Skip to main content
Finance Blog
Erling Haugan Kise

Erling Haugan Kise

Erling H. Kise joined DNB Asset Management’s global technology team in April 2014. He started his career as an intern in the technology team during the summer of 2011 and subsequently spent three years with Norges Bank Investment Management (NBIM) in London.

Mr. Kise holds an Honours Degree in Finance from The University of Melbourne, Australia, and an MSc in Financial Markets from EDHEC Business School, France.

Published:

Corona functioned as a booster in some sectors. This also includes the home entertainment industry, in particular video games are some of the strongest beneficiaries. The major developers of mobile games also recorded high growth rates. "Before the outbreak of the pandemic, earnings growth was in the low single digits. In the second and third quarters of this year, it rose to 20 to 25%," explains Erling Haugan Kise, Portfolio Manager in the DNB Technology Fund team and responsible for the gaming sector, among other things. The situation was similar for the Twitch video streaming service, which users used twice as long in this period as in the corresponding quarters of the previous year. Measured against the active use of the Internet sales platform for computer games Steam, PC gamers also spent more time in front of the screen: From a low single-digit number before the crisis, game times increased in the second and third quarters to almost 50% year-on-year. The data also shows that weekend peaks are less pronounced, as games are played more evenly throughout the week.

The bottom line is that the long-term growth prospects for the industry have thus improved

Erling H. Kise, PM DNB Technology

No indications for a reversal of the trend

The acceleration of the trend is driven by the reactivation of older players and the acquisition of new users, more than increasing spend from the existing base. "We view post-covid growth driven by user growth as more structural in nature than growth driven by increased spend (ARPU – average revenue per user). Our view is that ARPU growth will revert to trend as society reopens, however, we believe reactivated or new active users will be sticky with a majority not churning post reopening. The bottom line is that the long-term growth prospects for the industry have thus improved," says Kise, summarizing the outlook. This is also confirmed by major consulting institutes, which have noted an improvement in the secular growth trend from 8 to 14%. One month after the end of the fourth quarter, the growth trends for PC, console and mobile games are still very strong and show no signs of slowing down.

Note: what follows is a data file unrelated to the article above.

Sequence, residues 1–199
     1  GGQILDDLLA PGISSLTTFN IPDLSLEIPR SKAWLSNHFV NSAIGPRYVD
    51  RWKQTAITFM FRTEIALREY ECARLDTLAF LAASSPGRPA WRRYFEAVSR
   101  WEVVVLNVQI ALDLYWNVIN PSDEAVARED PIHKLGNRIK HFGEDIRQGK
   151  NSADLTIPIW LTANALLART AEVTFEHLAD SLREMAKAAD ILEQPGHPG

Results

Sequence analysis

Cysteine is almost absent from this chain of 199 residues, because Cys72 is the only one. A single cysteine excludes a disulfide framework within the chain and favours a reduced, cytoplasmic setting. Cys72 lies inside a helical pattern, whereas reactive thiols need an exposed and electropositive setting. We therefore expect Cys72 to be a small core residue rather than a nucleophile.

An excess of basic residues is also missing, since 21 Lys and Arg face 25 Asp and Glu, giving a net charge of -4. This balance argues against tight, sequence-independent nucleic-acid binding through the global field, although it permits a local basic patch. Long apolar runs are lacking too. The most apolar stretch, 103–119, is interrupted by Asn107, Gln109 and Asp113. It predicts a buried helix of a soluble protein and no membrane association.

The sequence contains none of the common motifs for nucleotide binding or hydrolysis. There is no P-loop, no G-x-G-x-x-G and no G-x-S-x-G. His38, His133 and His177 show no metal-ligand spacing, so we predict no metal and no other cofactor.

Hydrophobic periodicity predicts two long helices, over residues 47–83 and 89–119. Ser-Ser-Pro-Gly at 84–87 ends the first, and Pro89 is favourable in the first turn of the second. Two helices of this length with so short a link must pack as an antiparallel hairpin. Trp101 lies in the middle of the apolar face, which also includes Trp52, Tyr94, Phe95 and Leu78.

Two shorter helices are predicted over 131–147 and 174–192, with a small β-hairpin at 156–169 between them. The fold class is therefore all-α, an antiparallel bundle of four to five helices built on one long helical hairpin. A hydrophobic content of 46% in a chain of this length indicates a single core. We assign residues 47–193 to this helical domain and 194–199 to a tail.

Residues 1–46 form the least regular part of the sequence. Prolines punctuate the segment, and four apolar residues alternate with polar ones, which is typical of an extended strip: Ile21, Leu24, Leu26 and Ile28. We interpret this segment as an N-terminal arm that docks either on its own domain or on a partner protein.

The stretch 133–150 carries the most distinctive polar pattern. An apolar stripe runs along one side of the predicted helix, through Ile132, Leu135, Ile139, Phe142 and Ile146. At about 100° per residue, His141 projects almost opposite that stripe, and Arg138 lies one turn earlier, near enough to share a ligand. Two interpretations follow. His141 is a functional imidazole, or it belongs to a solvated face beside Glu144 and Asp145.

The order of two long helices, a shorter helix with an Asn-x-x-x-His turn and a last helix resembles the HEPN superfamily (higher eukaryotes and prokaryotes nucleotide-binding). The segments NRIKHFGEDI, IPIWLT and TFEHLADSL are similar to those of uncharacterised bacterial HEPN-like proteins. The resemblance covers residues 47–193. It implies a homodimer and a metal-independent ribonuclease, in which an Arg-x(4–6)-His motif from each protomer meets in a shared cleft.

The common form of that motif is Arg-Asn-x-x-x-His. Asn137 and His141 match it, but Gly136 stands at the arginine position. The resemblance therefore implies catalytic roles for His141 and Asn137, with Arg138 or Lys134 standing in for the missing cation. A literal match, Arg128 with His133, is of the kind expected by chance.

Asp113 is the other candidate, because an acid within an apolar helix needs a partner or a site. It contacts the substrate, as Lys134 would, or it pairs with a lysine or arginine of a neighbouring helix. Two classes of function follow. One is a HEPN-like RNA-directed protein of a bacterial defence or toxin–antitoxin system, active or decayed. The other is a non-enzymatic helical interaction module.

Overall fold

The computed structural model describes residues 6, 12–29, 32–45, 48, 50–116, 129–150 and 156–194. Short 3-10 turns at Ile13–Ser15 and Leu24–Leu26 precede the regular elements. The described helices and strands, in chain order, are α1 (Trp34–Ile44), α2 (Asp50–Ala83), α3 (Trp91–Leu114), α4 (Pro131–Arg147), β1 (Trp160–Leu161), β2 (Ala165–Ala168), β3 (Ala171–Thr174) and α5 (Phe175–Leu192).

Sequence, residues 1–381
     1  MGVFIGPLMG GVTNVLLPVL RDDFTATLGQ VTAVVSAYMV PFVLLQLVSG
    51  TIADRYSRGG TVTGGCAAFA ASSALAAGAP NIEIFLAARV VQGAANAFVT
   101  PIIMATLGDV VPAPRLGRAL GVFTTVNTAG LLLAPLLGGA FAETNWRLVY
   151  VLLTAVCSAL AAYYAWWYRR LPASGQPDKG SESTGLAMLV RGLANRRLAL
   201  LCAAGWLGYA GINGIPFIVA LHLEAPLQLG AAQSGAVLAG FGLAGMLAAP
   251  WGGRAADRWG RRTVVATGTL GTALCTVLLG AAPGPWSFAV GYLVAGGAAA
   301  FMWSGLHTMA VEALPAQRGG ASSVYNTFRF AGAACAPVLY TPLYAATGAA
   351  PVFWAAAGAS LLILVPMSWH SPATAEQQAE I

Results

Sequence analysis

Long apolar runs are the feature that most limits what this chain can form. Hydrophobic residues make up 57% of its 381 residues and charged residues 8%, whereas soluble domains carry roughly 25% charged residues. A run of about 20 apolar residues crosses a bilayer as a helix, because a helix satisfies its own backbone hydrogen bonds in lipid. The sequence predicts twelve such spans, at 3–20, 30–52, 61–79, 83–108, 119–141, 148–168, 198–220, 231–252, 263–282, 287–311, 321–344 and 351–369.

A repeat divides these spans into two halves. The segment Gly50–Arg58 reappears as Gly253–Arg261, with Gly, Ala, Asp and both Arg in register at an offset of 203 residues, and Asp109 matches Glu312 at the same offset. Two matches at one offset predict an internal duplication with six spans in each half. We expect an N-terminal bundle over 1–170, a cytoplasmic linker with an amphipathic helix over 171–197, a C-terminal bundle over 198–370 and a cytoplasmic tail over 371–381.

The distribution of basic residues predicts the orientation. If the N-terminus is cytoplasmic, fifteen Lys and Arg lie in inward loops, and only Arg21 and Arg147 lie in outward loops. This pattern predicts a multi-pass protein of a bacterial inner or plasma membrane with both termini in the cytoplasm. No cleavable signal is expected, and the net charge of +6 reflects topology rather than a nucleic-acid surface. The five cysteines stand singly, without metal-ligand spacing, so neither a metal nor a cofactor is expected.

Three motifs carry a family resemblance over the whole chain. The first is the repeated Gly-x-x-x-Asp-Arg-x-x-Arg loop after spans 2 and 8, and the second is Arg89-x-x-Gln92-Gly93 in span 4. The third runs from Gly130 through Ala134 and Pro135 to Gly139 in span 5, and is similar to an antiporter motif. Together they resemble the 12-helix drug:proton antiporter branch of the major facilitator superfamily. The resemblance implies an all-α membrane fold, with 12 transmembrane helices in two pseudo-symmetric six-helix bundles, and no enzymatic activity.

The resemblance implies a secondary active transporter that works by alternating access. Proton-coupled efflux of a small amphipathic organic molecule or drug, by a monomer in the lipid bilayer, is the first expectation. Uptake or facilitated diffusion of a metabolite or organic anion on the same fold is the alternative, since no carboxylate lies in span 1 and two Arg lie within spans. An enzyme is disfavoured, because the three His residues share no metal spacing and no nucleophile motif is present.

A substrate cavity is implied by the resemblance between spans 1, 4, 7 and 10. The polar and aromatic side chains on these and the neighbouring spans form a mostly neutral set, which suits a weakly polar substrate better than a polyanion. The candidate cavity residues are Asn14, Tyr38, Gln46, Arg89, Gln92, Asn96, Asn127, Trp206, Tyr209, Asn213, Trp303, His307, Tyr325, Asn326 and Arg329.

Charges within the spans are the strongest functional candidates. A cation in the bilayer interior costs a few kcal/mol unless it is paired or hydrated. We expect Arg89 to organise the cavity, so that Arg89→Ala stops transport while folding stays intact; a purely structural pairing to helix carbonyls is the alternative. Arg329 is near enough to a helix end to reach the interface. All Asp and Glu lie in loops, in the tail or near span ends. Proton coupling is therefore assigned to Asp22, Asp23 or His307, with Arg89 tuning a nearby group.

Digital distribution is picking up speed

"With regard to video games, we are currently in a very exciting time. In the current quarter, Sony and Microsoft will launch their next generation consoles. Nintendo is expected to upgrade its switch console next year. Last but not least, we will see full backwards compatibility with the new generation and probably the end of console cycles as we have seen them in the past," said Kise.

In addition, the digital distribution of games is gaining momentum, which will benefit the revenues and profits of vendors and platform owners. The price for a user stays the same, but there are no costs for packaging and physical distribution. This leaves manufacturers with $37 from the digital distribution of a game worth $60, compared to only $27 for traditional physical distribution.

There will be a series of price increases for AAA video game titles from $60 to $70 in the fourth quarter of this year as well as next year. Some of the licensed titles are now so strong that they have pricing power, which has a direct impact on the gross margin. In addition to Sony and Nintendo, the video game and manga producer Square Enix, the US video game development company Glu Mobile as well as the computer and video game group Activision Blizzard and Electronic Arts currently seem promising.

Last updated: